Is Mad Max a crypto-Texan? As much as a character in an Australian film, shot in the African desert, starring an English actor can be, yes. Director George Miller has said he’s making a “western on wheels.” And Max is a character straight out of the American West.
“Mad Max: Fury Road” is the third part of the dystopian trilogy. In the two previous films, Max is a former lawman who is trying to bring some order and decency to the wild. He wears dusty boots and leather, carries a sidearm in a holster, and lives in a hot arid frontier zone without law or civilization. He is trying to survive in a place crazy about oil, cars and dangerous weapons.
And although Texans like to think that everything is about them at some level, in the case of Mad Max, they just might be correct.
It’s the swagger of the man, his rough-and-tumble frame, combined with the rustic and sprawling landscape – it all sounds like something straight out of a John Wayne movie. Film critic Harry Knowles says there’s just something about Max that makes us think of Texas.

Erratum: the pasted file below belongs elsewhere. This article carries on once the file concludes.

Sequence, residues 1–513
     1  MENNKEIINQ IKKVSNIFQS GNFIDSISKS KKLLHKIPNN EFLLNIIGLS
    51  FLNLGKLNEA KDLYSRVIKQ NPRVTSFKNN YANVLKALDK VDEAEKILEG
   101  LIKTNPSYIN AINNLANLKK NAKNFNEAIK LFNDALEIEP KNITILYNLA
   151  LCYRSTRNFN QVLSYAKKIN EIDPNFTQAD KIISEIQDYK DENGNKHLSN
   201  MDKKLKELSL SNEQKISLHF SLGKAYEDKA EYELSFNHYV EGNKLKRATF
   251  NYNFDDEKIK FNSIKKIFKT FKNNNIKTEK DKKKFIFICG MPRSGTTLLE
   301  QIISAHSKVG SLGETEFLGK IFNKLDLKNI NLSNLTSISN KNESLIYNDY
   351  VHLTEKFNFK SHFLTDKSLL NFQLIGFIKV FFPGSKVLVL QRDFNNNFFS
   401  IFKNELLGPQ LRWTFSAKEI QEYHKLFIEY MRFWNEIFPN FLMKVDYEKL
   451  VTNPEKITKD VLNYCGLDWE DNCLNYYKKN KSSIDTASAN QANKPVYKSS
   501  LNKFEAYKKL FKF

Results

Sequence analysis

“The opening shot of the film, where a two-headed gecko is running towards Max – who’s faced away from us – he steps on its head and then eats it,” he says. “It’s still slithering when it goes into his mouth – for whatever reason, that feels Texas,”
Max was originally an Australian cop, played by Mel Gibson, and Tom Hardy’s incarnation is a Londoner. Accents aside, Mad Max himself is from Texas.
“If you sit down with George Miller and start talking to him, he will go into great detail about his love of westerns,” Knowles says. “So much of the western genres, whether or not it was taking place in Texas– internationally and through the international community, all westerns take place in Texas.”